Monday, August 8, 2016

Flour, butter, sugar...

One of the most powerful—and protective—tools humans possess is their ability to smell.

That sickly-sweet odor that warns you not to eat decomposing meat? The musky warm scent that inspires you to nibble your husband's neck resulting in, less than a year later, the delicate milky-baby scent that compels you to nurture your newborn? Wood smoke that alerts to a forest fire, or draws people round a campfire for 'Smores, and social bonding? Pleasure, pain, fear, desire—emotions and actions, incited by certain odors. Memories and instinct conjured through smell.

Baking Powder Biscuits fresh from the oven take me back to the toasty-warm kitchen of first my Grandma Mac, and then Aunt Shirley's, ranch house. I see them bending to pull the scorched pans from the old wood stove, the steam rising from the biscuit as it's pulled apart, butter pooling in the fluffy white centers. I see woolen mitts and socks hung on a line on the wall behind the wood stove to dry, and my uncle at the kitchen table tucked in his favorite corner of the black vinyl-covered bench seat next to the huge picture window, where he could use his binoculars to keep an eye on expectant cows.

Cinnamon and spice, on the other hand, transport me to the kitchen in my childhood home with its yellow appliances, and my mom, apron around her waist, sliding Jumbo Raisin Cookies on to cooling racks, her long black hair tied back in a ponytail with one of the thick fluffy colorful lengths of yarn sold for that purpose. I feel the wooden spoon in my hands and taste the raw batter, hear my brother begging, "Me, too!" And when it's cold outside, or I feel alone or lonely inside, I pull out my Kitchen-Aid mixer, flour, butter, and sugar, and revive those memories in my kitchen, revive that sense of warmth, security, happiness…love. I create the scents, and with them the people, the memories, because without them, where would I be?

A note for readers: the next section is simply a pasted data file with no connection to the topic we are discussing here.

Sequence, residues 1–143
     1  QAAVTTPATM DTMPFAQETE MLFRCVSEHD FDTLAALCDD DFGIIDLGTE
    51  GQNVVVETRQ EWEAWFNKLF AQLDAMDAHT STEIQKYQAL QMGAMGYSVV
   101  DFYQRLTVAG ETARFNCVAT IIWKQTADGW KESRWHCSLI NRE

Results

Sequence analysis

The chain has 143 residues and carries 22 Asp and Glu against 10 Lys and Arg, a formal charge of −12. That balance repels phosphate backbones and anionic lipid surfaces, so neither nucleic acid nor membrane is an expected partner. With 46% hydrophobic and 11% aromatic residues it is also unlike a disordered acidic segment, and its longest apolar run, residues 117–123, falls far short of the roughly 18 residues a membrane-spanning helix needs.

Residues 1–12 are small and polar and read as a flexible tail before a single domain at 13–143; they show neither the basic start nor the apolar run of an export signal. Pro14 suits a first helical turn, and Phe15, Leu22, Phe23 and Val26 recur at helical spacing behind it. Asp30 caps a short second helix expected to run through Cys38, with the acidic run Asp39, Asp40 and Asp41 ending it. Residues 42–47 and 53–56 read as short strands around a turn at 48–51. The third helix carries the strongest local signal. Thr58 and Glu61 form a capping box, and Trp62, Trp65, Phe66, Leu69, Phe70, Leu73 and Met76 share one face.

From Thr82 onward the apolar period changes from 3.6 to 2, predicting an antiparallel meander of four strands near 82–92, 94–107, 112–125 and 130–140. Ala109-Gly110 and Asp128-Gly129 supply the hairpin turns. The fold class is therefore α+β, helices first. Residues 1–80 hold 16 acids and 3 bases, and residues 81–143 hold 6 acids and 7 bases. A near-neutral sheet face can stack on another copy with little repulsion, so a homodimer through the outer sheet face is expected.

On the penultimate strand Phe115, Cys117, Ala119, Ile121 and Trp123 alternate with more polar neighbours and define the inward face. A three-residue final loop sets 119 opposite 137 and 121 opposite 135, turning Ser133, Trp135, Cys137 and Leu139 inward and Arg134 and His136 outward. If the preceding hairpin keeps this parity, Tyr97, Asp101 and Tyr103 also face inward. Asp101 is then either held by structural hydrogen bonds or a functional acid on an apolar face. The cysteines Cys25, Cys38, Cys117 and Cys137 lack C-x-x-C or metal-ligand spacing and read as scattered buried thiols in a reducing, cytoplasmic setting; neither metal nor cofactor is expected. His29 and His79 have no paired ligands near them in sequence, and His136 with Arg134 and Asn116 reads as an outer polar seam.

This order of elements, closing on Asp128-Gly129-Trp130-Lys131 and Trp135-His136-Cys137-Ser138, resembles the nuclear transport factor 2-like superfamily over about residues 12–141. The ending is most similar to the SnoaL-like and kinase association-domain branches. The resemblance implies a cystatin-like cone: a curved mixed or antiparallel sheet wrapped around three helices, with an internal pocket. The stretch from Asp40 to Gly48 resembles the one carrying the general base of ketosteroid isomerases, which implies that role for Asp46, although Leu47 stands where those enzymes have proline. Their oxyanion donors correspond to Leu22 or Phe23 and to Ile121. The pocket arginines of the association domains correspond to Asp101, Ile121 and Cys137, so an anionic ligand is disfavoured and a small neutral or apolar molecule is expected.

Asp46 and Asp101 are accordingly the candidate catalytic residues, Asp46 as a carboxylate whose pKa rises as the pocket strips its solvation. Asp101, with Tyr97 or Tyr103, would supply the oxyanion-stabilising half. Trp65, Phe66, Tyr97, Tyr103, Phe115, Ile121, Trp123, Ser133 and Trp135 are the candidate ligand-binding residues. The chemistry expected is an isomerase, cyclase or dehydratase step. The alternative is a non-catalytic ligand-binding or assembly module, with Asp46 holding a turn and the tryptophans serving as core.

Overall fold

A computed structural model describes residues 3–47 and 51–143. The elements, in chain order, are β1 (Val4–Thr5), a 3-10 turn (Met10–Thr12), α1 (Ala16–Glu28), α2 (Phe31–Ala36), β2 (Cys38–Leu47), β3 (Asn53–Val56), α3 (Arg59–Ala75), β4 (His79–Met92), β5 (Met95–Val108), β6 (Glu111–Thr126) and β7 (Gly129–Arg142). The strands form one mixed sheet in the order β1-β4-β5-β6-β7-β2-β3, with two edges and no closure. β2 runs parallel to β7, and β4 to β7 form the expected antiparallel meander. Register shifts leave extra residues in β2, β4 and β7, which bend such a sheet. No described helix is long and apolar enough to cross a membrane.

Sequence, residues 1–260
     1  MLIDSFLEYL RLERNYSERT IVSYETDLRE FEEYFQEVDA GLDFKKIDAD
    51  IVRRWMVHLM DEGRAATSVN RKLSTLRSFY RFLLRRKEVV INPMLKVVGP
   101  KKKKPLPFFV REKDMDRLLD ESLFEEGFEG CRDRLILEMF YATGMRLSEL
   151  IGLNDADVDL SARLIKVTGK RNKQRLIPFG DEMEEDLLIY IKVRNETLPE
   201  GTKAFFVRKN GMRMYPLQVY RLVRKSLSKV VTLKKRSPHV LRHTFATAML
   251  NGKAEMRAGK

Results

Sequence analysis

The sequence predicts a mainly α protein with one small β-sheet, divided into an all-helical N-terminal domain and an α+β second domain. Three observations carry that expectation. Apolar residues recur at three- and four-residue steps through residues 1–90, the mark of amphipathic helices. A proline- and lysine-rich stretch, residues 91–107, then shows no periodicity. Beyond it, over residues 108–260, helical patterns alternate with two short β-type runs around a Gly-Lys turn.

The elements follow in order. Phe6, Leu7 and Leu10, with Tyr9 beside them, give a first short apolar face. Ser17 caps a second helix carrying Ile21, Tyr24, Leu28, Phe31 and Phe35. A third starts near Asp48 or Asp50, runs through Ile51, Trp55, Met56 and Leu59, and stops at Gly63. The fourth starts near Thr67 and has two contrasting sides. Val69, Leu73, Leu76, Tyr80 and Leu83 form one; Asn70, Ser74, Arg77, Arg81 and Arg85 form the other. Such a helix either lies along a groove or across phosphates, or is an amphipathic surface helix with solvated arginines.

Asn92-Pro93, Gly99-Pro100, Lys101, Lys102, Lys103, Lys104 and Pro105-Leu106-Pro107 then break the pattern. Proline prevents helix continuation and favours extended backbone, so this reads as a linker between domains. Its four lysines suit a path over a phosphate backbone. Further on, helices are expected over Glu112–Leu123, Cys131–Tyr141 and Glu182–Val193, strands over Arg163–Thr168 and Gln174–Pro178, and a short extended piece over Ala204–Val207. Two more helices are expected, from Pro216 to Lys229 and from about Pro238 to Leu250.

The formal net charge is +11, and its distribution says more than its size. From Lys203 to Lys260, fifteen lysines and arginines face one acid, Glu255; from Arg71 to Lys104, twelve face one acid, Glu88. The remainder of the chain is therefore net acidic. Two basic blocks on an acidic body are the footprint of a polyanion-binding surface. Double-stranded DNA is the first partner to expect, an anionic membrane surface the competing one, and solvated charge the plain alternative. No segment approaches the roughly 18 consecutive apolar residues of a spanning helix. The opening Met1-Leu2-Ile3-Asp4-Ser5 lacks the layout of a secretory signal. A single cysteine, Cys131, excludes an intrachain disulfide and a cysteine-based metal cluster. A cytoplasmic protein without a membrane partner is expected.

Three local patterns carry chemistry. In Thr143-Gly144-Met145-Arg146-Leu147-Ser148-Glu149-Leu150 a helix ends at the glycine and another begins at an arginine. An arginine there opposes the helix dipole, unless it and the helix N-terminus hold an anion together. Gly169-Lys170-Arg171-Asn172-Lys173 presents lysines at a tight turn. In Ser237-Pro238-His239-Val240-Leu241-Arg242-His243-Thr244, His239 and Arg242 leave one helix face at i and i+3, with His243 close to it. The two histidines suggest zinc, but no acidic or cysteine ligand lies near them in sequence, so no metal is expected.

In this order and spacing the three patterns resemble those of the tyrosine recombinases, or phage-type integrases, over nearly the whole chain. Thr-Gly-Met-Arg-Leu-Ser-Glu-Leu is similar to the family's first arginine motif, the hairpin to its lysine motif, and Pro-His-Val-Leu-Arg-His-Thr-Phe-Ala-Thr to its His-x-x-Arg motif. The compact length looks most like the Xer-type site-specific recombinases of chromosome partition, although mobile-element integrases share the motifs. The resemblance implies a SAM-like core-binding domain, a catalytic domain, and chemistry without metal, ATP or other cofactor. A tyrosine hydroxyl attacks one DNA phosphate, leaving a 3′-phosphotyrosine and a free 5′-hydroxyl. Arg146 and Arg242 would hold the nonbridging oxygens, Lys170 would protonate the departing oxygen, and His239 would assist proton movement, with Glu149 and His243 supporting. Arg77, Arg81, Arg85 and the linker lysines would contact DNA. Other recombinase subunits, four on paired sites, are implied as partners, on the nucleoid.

Nothing reaches the intellect before making its appearance in the senses. ~Latin proverb


Mom's Jumbo Raisin Cookies (Thanks, Mom!)

2c. raisins
1c. boiling water

4c. flour
1 tsp. baking powder
1 tsp. salt
1 ½ tsp cinnamon
¼ tsp. each of nutmeg and allspice
1 tsp. baking soda

1c. shortening
2c. sugar

3 eggs (one at a time)
1 tsp. vanilla

1 c. nuts (optional)

Boil raisins until soft and fluffy. Cool. Sift all dry ingredients together except sugar. Cream shortening. Add sugar bit by bit. Add eggs one at time stirring between. Add dry ingredients in increments mixing between. Add raisins. Add vanilla.

Drop by spoonful on to baking sheet. Bake 9-10 mins at 350F (175C)

Makes 6-7 doz.

                                                                 My beautiful mother.

                                                                                                                             Photo copyright 2015 Deborah Anderson


Ranch House Baking Powder Biscuits

2 c. flour, sifted
3 Tbsp. sugar
5 tsp. baking powder
1 tsp. cream of tartar
1 tsp. salt

¼ c. cold shortening

1 c. milk

Combine dry ingredients. Cut in shortening until it forms pea-sized lumps. Add milk. Stir, lightly but quickly until soft dough forms. Do not over stir or biscuits will be more dense than fluffy. Roll to ½ to 1" thickness. Cut to portion size and shape preference.

My aunty often floured the open end of a clean drinking glass to cut circular biscuits. Or a floured bread knife can be used to cut a grid pattern in dough for square or rectangular biscuits. Cookie cutters work too! Be as creative or simple as suits.

Bake 10-12 mins in 450F (230C) oven, or until tops are golden and biscuits risen.

Enjoy with butter, or margarine, honey or PB&J. Or just J. I especially love them dripping with butter alongside homemade stew.


                                                  Grandma at her 95th birthday celebration.

                                                                           Photo copyright Deborah Anderson, 2010

No comments: